As profits from fixed-income investments continue to shrink in the current interest rate environment, some community and regional banks are selling off chunks of their portfolios at a loss, taking a hit on their earnings, and redeploying the proceeds in better-yielding investments.

Though statistics on the number of banks restructuring investment portfolios are difficult to obtain, anecdotal evidence shows that the trend has picked up as interest rates have risen in recent months.

According to Alison England, vice president of the financial services group at First Tennessee Capital Markets, now is a good time to make such a move.

"Bank stocks have already been beaten down, so you can take your losses now and improve your position for the future," said Ms. England, speaking before the Illinois Bankers Association's annual convention in Nashville this week.

Sun Bancorp in Selinsgrove, Pa., came to a similar conclusion. In June, the banking company said it was restructuring its portfolio and taking a $2.1 million loss. Its plan was to take advantage of higher interest rates by selling Ginnie Maes yielding 6.5% and buying the same mortgage-backed securities with a 7.5% return.

"Dollar for dollar, we went back into the same pool of investments," said Robert J. McCormack, president of the $715 million-asset Sun Bancorp. In fact, the company has already seen some security gains from the exchange, Mr. McCormack said.

Interwest Bancorp in Oak Harbor, Wash., and Hudson United Bancorp in Mahwah, N.J., are taking much the same approach.

Interwest, with $2.8 billion of assets, said last month that it would sell about $130 million of Treasuries and other fixed-income instruments and reinvest the proceeds in shorter-term, higher-yielding securities. It estimates that expenses relating to the sale would be $4.4 million, but chief financial officer Bette J. Floray said the company expects to recoup its loss in less than a year.

Hudson United, meanwhile, announced last week that it would sell some $2 billion worth of mortgage-related securities - almost 20% of its assets - so that it could pay down short-term debt and buy back some of its stock. Hudson United, with $9.3 billion of assets, will take a charge of $42 million for the second quarter, but its chairman says the long-term benefits outweigh the short-term losses.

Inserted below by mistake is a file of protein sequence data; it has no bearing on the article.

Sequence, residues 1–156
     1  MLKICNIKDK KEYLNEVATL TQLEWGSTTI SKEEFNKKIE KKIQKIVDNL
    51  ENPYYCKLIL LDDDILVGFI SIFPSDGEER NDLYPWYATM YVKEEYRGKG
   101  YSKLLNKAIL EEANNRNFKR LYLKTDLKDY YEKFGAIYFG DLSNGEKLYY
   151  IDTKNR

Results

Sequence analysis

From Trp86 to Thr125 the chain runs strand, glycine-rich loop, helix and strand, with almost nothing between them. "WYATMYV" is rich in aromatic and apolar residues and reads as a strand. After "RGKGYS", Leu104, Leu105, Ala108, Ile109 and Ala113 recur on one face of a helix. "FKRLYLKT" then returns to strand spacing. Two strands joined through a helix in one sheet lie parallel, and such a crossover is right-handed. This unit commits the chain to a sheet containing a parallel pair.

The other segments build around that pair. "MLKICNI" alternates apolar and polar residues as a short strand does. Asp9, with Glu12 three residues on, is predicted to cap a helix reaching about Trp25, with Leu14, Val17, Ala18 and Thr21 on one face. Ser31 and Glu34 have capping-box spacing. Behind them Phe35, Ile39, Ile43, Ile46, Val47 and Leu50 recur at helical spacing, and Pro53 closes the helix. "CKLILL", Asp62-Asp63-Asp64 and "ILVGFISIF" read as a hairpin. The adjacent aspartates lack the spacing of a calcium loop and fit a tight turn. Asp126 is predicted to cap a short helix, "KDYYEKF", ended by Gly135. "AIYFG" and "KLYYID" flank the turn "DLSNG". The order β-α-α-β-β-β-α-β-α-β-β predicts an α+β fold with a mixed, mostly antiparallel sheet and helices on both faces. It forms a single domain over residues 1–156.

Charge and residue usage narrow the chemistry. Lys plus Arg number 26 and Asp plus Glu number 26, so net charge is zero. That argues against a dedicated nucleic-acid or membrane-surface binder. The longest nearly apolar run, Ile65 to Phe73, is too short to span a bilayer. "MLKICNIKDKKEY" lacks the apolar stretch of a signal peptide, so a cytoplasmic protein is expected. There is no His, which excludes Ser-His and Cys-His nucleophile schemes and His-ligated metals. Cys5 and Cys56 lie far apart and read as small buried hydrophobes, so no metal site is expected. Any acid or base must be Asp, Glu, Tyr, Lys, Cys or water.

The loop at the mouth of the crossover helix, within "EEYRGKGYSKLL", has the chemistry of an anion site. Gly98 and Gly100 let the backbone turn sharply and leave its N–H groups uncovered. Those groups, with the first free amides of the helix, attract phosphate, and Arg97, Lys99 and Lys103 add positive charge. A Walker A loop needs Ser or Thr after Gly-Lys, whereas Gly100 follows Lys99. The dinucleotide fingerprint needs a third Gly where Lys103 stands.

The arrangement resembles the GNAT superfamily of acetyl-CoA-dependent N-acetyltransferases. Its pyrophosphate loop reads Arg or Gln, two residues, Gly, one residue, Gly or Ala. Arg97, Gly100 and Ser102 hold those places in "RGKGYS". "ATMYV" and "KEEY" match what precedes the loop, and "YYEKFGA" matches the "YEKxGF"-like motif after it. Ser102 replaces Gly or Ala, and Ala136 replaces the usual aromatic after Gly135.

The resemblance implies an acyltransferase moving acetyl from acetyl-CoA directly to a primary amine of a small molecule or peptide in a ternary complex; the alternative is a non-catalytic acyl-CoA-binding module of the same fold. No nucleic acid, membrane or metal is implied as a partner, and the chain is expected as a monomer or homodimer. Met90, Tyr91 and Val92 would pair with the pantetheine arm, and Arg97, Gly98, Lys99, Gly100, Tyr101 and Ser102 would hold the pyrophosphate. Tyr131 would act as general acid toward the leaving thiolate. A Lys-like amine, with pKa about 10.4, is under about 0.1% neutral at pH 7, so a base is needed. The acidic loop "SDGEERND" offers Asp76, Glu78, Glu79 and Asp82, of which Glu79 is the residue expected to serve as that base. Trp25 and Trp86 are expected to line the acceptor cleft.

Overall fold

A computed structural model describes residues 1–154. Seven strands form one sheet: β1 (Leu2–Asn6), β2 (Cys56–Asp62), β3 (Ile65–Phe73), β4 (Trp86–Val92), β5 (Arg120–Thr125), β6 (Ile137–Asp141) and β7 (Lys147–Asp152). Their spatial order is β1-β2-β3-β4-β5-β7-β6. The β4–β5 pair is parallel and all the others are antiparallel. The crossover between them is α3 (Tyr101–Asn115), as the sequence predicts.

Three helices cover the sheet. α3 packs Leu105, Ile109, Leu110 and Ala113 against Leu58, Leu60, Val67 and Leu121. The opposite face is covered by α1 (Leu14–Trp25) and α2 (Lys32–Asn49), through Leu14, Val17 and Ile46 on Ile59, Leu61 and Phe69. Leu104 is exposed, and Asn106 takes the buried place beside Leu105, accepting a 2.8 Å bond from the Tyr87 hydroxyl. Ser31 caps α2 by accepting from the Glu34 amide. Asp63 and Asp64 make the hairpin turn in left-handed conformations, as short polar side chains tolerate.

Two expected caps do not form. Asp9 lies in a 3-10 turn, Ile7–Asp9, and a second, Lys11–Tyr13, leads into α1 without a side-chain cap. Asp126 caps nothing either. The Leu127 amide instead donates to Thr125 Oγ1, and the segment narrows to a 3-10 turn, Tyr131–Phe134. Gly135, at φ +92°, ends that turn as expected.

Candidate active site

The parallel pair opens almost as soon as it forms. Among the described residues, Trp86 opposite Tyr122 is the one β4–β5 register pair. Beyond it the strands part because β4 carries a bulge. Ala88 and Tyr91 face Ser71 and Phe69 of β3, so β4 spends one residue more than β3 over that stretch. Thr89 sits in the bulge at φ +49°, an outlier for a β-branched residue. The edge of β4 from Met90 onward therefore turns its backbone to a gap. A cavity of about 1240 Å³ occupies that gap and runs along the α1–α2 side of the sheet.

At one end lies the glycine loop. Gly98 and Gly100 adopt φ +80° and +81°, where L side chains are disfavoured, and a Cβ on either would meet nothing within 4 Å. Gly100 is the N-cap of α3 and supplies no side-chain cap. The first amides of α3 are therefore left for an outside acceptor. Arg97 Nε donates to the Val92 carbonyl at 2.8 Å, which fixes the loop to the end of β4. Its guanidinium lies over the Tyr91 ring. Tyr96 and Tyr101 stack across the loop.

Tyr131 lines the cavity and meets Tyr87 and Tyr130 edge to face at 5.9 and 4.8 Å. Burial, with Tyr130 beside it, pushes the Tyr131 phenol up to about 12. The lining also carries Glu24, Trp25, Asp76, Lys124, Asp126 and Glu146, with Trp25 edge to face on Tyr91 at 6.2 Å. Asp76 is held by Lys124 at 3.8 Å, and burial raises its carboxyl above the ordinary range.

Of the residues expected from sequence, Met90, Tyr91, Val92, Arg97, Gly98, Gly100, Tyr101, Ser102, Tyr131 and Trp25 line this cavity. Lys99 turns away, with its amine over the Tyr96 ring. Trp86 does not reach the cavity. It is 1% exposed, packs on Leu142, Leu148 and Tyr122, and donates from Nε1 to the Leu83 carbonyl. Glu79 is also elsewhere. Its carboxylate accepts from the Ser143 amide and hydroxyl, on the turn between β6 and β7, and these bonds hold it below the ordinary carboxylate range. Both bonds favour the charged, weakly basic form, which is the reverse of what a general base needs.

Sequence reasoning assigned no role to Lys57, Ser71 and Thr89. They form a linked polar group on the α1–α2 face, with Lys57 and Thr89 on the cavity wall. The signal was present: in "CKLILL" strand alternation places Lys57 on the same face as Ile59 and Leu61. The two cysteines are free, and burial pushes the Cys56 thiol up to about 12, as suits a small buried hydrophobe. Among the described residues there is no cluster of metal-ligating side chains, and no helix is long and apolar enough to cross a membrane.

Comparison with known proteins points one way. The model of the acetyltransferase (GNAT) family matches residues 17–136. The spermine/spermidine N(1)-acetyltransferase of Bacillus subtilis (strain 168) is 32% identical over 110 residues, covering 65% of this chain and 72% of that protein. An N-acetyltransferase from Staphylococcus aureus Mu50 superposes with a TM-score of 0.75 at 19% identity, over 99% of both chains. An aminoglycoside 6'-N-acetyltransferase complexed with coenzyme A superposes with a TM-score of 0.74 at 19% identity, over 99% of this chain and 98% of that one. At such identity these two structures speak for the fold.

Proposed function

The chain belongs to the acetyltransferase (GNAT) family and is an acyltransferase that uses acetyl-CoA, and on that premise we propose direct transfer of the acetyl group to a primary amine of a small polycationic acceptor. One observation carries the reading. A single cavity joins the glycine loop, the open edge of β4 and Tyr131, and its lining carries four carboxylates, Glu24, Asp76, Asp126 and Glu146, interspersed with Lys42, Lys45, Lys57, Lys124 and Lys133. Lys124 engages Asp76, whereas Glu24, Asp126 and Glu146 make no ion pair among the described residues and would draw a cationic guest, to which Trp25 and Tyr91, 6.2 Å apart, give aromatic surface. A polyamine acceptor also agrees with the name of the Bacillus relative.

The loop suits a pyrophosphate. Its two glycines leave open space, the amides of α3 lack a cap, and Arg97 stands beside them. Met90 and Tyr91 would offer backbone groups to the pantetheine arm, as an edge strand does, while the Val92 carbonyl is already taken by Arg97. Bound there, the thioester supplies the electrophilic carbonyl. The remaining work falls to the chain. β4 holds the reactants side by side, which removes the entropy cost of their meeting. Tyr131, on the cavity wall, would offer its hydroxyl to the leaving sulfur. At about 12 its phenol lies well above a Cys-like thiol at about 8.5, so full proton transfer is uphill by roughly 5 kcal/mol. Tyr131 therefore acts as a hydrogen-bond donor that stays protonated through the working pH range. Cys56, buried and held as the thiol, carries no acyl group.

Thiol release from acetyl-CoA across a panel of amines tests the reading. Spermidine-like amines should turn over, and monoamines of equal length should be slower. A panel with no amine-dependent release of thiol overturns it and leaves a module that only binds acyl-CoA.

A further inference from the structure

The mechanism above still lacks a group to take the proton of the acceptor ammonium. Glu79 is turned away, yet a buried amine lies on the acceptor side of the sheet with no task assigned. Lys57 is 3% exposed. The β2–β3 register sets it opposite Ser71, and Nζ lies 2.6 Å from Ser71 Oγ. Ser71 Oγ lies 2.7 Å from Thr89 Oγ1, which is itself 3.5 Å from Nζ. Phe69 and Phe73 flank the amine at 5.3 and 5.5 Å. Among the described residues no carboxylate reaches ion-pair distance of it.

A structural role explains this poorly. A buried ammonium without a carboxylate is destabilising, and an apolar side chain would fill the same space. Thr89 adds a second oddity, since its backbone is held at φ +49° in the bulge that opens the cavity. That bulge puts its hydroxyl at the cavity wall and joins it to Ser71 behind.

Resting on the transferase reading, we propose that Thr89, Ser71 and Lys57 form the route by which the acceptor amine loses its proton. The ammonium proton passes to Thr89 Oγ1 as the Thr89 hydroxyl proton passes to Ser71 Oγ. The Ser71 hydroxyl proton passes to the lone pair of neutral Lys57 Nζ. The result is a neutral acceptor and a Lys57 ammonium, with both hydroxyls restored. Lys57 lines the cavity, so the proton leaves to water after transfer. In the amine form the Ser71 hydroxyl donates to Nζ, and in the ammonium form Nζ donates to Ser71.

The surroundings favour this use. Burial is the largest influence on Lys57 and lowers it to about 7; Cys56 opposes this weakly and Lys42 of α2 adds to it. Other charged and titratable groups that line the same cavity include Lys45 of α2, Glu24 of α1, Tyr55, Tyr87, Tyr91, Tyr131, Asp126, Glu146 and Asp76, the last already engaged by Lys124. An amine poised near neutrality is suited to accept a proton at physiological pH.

"If additional rate increases occurred, they would have a negative impact on earnings going forward," said Kenneth T. Neilson, Hudson United's chairman, president, and chief executive officer.

Heather L. Dilbeck, an analyst at Ryan, Beck & Co. in Arlington, Va., considers Hudson United's restructuring a positive development. Banks were able to capitalize on the spread between rates on borrowed funds and those collected on assets a couple of years ago, but the six rate increases since June 1999 have narrowed spreads dramatically.

"This isn't the best interest rate environment for a leveraging strategy," Ms. Dilbeck said.

Even the stock market reacted positively to the news that Hudson United was taking a $42 million loss. The day of the announcement, the stock closed at $24.25, up from $23.375 the day before.

Jay Brew, a senior managing partner at BNK Advisory Group in Northampton, Pa., said that when interest rates are relatively high and rising he encourages community bank clients to consider selling fixed-income securities at a loss to reduce tax liability and increase earnings in the future.

He also agreed that now is a particularly good time to restructure because investors are less interested in bank stocks than they were a couple of years ago. In this environment, he said, banks could announce large losses relating to investment portfolios and many investors would not even notice.

"While the current stock market is turning a blind eye to banks' managerial efforts, don't be surprised to see the markets reward those banks … that have done a solid job of repositioning themselves," he said.

Craig Woker contributed to this story/P>

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